And the governor of Louisiana. John Bel Edwards, Democrat supporting abortion restrictions, on Tuesday signed the measure passed by the Republican-controlled state legislature, which does not allow abortion in cases of rape or incest, despite his personal support for such exceptions.

Anti-abortion groups also disagree on how to approach the rape and incest exceptions. While Pro-Life America’s Susan B. Anthony believes that “the value of human lives is not determined by the circumstances of one’s conception,” the organization does not take a position on whether state legislators should include rape and incest exceptions in their abortions. bans, believing it’s a matter for each state to decide, said Sue Liebel, group director of public policy.

Meanwhile, Students for the Life of America are urging lawmakers to speak out against such exceptions.

“We refuse to shame children for something that is out of their control,” said group spokeswoman Christy Hamrick. “Obviously, crimes should be fully prosecuted and women should help. But we also mourn for premature babies who are also suffering.”

The Hyde Amendment, which bans federal funding from paying for abortions except in cases of rape or incest, or to save the life of a pregnant woman, gives an idea of ​​how difficult it can be to use post-abortion exemptions.Caviar. According to the Guttmacher Institute, an abortion rights think tank, the federal government paid for 160 abortions for Medicaid recipients in 2015, latest year for which data is available; meanwhile, 18 states used public Medicaid funds to pay for more than 157,000 abortions.

“When we think that Medicaid exceptions have not actually been implemented, it doesn’t seem to allow us to think that exceptions in trigger bans or prior bansCaviar the bans would have been implemented in any other way,” said Elizabeth Nash, a public policy expert at the Guttmacher Institute. “They are designed to be extremely narrow and difficult to enforce, because opponents of abortion see exceptions as a loophole.”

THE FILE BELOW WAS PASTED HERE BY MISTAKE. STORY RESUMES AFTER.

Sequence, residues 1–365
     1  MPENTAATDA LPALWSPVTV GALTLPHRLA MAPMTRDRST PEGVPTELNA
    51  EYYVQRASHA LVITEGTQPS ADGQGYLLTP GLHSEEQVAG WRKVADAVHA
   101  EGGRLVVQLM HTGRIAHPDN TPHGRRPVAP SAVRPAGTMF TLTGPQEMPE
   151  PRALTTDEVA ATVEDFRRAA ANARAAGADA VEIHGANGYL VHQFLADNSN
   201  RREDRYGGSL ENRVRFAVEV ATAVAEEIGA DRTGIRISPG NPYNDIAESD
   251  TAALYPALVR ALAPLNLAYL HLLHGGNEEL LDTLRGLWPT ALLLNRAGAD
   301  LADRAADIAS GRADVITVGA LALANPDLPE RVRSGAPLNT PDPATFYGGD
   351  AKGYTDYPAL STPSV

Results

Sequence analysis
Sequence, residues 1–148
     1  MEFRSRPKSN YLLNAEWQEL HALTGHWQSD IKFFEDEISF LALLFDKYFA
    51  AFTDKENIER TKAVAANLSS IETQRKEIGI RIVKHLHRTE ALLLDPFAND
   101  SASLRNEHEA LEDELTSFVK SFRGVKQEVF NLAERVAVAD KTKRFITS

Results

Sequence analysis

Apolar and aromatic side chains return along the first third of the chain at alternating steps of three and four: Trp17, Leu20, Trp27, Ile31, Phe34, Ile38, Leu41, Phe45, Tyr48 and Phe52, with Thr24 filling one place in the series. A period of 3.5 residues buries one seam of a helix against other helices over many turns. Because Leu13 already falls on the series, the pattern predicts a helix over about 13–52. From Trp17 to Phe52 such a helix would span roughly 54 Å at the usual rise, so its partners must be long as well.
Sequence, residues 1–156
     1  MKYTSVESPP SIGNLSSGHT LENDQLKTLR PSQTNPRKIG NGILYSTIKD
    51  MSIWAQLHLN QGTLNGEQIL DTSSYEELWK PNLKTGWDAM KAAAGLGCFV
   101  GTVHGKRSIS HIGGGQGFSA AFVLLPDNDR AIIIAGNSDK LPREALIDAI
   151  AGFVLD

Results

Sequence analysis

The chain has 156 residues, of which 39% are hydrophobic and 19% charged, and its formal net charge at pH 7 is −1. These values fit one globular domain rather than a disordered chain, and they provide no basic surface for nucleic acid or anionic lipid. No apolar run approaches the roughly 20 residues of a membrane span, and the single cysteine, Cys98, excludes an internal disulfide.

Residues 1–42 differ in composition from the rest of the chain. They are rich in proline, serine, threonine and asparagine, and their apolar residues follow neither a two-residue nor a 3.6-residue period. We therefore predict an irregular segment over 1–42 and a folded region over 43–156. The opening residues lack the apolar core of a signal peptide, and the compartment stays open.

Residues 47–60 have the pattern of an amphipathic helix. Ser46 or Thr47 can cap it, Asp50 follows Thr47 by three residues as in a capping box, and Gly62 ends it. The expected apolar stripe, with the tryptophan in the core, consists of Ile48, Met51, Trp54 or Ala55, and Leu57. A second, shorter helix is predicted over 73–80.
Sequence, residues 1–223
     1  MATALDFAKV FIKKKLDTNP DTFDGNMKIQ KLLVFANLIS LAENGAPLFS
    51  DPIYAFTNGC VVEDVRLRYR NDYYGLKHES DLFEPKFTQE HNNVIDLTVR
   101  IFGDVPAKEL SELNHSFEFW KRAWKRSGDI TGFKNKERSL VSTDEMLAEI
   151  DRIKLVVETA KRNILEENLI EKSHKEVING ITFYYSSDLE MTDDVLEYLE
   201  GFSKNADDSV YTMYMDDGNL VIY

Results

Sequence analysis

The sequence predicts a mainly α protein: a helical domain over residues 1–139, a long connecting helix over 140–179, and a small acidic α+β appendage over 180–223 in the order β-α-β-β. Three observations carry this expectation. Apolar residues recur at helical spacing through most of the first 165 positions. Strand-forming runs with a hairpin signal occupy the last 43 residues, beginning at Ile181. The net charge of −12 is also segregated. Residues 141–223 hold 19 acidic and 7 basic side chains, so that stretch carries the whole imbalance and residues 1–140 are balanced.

At the Red River Women’s Clinic in North Dakota, about one patient a week reports that she wants an abortion because she was raped, Kromenaker said, and the clinic will apply to the state’s Medicaid program for reimbursement about once a month.

But this is not enough to remain financially viable.

“In order to be able to keep our doors open – and I’m not saying few people have been abused – for people who have been abused, who have become pregnant, who want to reveal it and have an abortion, it would be impossible for us to maintain staff, maintain the facility and everything like that,” Kromenaker said.

Instead, her clinic plans to move five minutes across the river to Moorhead, Minnesota, where abortion remains legal, and Kromenaker hopes patients will follow suit.

For those unable or unwilling to travel out of state, abortion rights advocates anticipate that some OB/GYNs in private practice, such as Anthony, may want to prescribe abortion pills to people who become pregnant through rape or incest.

Abortion rights advocates are also concerned that people seeking an abortion under life or health exceptions may face similar barriers. State bans on abortion vary, with some prohibiting abortion other than “to save the life” of a pregnant woman, while others also contain exceptions “to prevent a serious risk of substantial and irreversible impairment of essential bodily functions”, someone’s health or life must be qualified.

“It feels like this is the conversation going on in this legal, abstract world,” Nash said.

Liebel said she is urging state lawmakers to review and clarify their abortion bans when they next meet.

“I know what I’m advising is that this time if you clear the board and redo – and even if you have exceptions or other things – you’ll have to define it better,” Liebel said. “If it’s still too vague, the case will end up in court.”